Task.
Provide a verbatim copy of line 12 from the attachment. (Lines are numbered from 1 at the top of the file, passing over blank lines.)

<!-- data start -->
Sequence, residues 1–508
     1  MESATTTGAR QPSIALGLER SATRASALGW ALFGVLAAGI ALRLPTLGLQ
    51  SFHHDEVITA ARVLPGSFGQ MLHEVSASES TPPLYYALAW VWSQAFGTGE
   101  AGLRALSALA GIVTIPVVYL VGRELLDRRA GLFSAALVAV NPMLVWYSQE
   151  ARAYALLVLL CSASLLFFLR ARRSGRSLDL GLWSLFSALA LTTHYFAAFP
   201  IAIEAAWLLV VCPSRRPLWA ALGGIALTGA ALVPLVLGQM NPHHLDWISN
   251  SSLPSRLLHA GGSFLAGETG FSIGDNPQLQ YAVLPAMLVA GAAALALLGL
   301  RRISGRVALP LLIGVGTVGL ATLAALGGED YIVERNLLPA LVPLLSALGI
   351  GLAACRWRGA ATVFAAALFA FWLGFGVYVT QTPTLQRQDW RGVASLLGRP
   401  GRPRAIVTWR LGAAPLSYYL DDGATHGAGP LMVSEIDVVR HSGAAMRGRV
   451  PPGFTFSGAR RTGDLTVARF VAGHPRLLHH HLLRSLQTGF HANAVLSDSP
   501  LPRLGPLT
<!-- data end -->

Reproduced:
   501  LPRLGPLT